CHO: Take a look at that. Another day, another record for gas prices. $3.65, ouch. Some people think we are on our way to $4 a gallon.
Issue number one, the sinking economy is crushing car sales. Toyota is reporting its profit is down a whopping 28 percent or $1 billion for the first three months ending in March. And gas prices as I just mentioned hit a new high today, $3.65 nationally for a gallon of regular. So, as prices go up, some say speedometer should go down. Listen to this, researchers say you should actually try to keep your speed to 60 miles an hour, rather than 65 or 70. Now, you would only save 2 percent or 3 percent of your gas. But if everyone did it, some say gas prices could go down by up to 10 percent. John.
ROBERTS: And with gasoline hitting another new high today, Hillary Clinton is talking about breaking up OPEC, the oil cartel that controls a major portion of the world oil. CNN's Barbara Starr has got a reality check on Clinton's idea.
BARBARA STARR, CNN PENTAGON CORRESPONDENT: with gas prices edging toward $4 a gallon, OPEC is suddenly in Senator Hillary Clinton's line of fire on the campaign trail.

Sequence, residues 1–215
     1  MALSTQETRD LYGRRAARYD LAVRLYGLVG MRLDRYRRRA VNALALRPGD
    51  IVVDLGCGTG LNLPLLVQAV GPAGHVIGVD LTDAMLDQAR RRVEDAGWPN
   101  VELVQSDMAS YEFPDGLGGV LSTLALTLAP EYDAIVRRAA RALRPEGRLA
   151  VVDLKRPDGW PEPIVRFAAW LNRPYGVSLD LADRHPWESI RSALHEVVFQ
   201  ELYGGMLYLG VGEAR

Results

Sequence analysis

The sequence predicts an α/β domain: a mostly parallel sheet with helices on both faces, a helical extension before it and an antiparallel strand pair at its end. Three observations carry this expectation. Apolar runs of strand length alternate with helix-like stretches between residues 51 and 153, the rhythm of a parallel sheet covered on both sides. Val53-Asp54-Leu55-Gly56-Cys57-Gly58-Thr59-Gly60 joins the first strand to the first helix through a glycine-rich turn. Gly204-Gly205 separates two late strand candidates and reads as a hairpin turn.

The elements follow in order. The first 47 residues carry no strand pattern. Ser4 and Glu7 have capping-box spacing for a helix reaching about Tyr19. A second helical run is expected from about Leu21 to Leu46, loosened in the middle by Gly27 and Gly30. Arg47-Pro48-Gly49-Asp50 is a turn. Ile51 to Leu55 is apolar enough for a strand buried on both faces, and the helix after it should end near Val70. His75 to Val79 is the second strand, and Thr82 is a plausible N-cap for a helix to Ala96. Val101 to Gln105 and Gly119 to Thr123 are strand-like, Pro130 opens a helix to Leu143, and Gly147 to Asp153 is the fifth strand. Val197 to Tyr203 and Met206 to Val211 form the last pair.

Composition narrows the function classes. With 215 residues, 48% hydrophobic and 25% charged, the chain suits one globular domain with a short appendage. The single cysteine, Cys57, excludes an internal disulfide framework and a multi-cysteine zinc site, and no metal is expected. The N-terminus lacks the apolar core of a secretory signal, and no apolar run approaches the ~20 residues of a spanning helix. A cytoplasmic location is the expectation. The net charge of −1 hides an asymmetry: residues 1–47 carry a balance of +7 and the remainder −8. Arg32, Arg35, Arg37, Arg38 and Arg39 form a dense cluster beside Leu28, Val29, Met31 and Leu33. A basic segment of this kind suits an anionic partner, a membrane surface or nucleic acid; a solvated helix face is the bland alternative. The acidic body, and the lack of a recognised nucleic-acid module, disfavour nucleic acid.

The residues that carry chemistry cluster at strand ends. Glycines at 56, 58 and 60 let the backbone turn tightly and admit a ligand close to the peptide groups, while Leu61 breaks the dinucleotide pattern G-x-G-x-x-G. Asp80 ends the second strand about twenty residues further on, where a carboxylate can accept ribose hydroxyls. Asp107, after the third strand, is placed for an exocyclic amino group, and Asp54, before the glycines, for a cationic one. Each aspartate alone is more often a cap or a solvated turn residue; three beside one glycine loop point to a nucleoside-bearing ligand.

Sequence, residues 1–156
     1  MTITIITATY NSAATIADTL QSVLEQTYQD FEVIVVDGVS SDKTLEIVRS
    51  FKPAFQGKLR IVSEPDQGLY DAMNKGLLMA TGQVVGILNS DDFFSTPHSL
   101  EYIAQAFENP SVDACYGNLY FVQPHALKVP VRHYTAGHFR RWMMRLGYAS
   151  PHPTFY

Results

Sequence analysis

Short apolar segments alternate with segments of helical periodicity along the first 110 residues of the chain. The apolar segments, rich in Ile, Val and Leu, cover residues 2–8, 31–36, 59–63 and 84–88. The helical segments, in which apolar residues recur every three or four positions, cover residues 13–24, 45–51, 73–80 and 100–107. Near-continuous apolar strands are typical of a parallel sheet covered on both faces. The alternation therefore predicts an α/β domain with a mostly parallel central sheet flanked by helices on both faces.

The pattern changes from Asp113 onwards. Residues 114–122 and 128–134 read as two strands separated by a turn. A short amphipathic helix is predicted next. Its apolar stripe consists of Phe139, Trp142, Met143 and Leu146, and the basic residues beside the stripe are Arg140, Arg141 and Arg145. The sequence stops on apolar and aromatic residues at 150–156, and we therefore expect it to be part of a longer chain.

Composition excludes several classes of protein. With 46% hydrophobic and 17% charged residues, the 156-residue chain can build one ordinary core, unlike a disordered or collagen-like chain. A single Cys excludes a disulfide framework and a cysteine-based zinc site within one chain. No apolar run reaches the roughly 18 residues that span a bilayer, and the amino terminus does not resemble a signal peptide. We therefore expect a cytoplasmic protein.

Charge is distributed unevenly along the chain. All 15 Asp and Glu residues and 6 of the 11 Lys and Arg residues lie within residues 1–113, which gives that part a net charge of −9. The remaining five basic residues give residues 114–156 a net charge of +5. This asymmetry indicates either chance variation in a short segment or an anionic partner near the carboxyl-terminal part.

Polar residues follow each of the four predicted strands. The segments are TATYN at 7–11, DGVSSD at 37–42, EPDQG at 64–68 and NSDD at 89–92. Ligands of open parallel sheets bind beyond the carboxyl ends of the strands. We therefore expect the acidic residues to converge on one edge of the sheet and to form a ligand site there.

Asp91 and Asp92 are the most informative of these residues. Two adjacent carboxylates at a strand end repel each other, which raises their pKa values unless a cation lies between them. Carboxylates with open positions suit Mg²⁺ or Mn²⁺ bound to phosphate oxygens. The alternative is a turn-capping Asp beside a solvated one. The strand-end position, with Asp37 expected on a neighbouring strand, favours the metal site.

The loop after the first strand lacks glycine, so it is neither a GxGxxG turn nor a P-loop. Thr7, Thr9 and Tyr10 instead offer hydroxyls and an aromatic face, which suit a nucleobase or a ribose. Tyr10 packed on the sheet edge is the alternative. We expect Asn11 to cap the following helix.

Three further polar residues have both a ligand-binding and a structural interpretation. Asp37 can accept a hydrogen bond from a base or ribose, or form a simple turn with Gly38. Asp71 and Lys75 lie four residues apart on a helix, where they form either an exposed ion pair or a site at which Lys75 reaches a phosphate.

SEN. HILLARY CLINTON (D), PRESIDENTIAL CANDIDATE: I think it's time we go after OPEC. They are a monopoly cartel. That has nothing to do with a free market.
STARR: But can the U.S. really do anything to break the oil cartel? Most experts say good luck. Here's why -- the U.S. would have to increase its own production and cut consumption to have any meaningful influence on OPEC's grip on the market.
ROBBIE DIAMOND, SECURING AMERICA'S FUTURE ENERGY: That means that instead of talking about ways of breaking up a cartel that we're not really able to break up, it would be like the Red Sox wanting to break up the Yankees. It just can't happen.
STARR: Former Congressman Lee Hamilton says the U.S. really can't do much to influence OPEC to lower prices.
LEE HAMILTON, FMR. CHMN, HOUSE FOREIGN RELATION: Our bargaining leverage here is just not all that great because of our need for their product.
STARR: Ironically the U.S. military is spending billions protecting and keeping open OPEC's shipping links in the Persian Gulf.
HAMILTON: I think if we got too demanding of OPEC, they could very well say get your bases out of here. And that would mean we've had more difficult time, maybe an impossible time of keeping the supply lines secure.
STARR: Keeping access to air fields and ports in OPEC countries like Kuwait, Qatar and the United Arab Emirates is paramount to the United States military. Now, made more important giving growing concerns in the gulf about Iran's nuclear ambitions and its ability to shut down the strait of Hormus.
STARR (on-camera): In other words, the U.S. has little or no leverage to break OPEC. It might be a crowd pleaser on the campaign trail but it's certainly not going to fly in the Middle East. Barbara Starr, CNN, the Pentagon.